From where he is seated cross-legged on the couch, Dell has been tuning out the sounds from the kitchen as he watches TV, but when one of his hands mutes the TV with the remote, he notices it's dead quiet in there.

Turning to look in the kitchen, Dell involuntarily claps another of his hands over his mouth in surprise at the source of the silence—Evan's lips are buried in Brook's, their multiple long-muscled arms passionately interlaced around one another. Two of Brook's wrists are touching the ceiling, but they slowly lower as the two long arms gently collapse and join the rest of his arms in wrapping themselves around Evan.

It's funny watching Randy report to the lab doctor, who comes to the house every now and then to see how we're doing with our six arms. The lab doctor's cool and can deal with anyone, but I cracked up watching Randy. I was there because I was next in line to report.

So Randy's trying to show the doctor how he puts his shirt on and how he takes it off, since they want to see if having six arms causes what they call “impingements,” which basically mean you're slightly stuck or it hurts or something.

Well, Randy's stoned and his ponytail somehow gets wrapped between two of his left arms as he's removing his sleeveless t-shirt, which falls to the ground as his six hands forget which one of them was holding the shirt, because he's preoccupied with his ponytail being caught among his left arms, since it's pulling his head back and to the left.

He tries shrugging his left shoulder to free the ponytail, and he gains some slack in the ponytail so he can move his head freely again as he continues to try shrugging the ponytail free. His six hands form a serpentine dance, like a slow-motion Shiva, as he shrugs the ponytail free from the three left biceps it's caught among.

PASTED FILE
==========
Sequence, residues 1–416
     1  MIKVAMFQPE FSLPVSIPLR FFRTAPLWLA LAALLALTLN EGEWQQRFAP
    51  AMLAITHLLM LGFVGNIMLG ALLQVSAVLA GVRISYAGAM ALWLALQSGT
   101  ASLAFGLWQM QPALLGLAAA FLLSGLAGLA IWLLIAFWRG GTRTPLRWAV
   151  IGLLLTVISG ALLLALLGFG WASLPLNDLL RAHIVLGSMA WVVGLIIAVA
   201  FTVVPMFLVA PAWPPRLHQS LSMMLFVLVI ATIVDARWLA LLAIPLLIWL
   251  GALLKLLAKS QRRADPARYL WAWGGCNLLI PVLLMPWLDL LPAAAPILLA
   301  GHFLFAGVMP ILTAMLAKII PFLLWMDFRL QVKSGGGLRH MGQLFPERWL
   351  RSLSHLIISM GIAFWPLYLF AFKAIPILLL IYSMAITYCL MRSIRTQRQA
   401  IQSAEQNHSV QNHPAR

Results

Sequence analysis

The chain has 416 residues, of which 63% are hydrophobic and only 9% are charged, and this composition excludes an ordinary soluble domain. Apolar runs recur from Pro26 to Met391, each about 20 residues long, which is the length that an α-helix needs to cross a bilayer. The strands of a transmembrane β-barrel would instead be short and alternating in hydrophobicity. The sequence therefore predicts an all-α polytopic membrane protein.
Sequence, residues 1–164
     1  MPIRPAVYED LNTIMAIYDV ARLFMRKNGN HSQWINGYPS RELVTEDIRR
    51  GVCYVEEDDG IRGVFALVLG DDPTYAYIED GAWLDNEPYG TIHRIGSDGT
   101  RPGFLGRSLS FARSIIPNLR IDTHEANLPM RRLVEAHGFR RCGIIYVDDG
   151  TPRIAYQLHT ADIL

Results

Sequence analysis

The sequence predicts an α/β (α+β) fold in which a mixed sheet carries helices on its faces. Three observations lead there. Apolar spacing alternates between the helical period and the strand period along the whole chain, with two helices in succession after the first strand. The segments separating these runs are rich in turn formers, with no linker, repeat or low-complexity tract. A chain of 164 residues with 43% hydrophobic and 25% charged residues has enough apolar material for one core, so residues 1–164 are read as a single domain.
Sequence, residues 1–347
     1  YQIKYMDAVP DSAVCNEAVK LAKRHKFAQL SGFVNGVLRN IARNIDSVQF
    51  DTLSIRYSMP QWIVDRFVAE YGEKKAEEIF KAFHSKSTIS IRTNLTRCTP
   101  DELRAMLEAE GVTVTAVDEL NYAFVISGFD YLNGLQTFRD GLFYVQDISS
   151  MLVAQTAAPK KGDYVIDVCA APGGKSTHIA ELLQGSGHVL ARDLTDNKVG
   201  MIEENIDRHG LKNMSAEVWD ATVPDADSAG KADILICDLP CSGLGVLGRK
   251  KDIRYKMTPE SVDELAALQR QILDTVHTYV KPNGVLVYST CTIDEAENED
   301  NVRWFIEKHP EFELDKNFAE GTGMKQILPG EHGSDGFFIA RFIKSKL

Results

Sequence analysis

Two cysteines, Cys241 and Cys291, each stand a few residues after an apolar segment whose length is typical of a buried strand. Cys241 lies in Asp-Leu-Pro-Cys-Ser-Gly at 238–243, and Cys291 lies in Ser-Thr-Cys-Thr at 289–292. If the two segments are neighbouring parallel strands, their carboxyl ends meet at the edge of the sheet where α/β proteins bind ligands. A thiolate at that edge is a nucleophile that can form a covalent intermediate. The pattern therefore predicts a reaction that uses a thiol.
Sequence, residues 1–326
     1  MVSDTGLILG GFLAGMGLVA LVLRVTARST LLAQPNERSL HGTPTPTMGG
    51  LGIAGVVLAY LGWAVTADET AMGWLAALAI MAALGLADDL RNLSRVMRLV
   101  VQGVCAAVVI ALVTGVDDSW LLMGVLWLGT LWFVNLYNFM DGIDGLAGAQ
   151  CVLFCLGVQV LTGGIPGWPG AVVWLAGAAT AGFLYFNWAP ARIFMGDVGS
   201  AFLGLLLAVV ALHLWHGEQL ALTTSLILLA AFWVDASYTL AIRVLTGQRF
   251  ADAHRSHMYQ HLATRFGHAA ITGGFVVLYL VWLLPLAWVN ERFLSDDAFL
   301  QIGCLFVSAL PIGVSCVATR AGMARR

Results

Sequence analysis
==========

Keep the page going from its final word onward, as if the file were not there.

The ponytail slips free, but Randy has become absorbed in the vision of his six nice, long-fingered hands, watching their motion, aroused, as if they were someone else's.

The doctor and I exchange a glance, and I give my report, while Randy wanders off, shirtless, his six hands floating around him. Dell grabs one of them and pulls Randy and the rest of his hands into the kitchen for something to eat.

I give a complete and detailed accounting to the doctor that pretty much confirms that six arms basically rock.

What I can't find words to tell the doctor in my report is that our arms are our connections to each other, and it feels like we're six times more connected to each other than we could have expected.

For example, early on in the experiment, two or three of us got really freaked as we realized what we had gotten ourselves into. It kind of came to a head a few nights into our becoming six-armed. We'd been sitting around in the living room frankly admiring each others' six arms and talking about how cool they were, when Mace, who does drywall, basically welled up with tears and held himself with his six arms.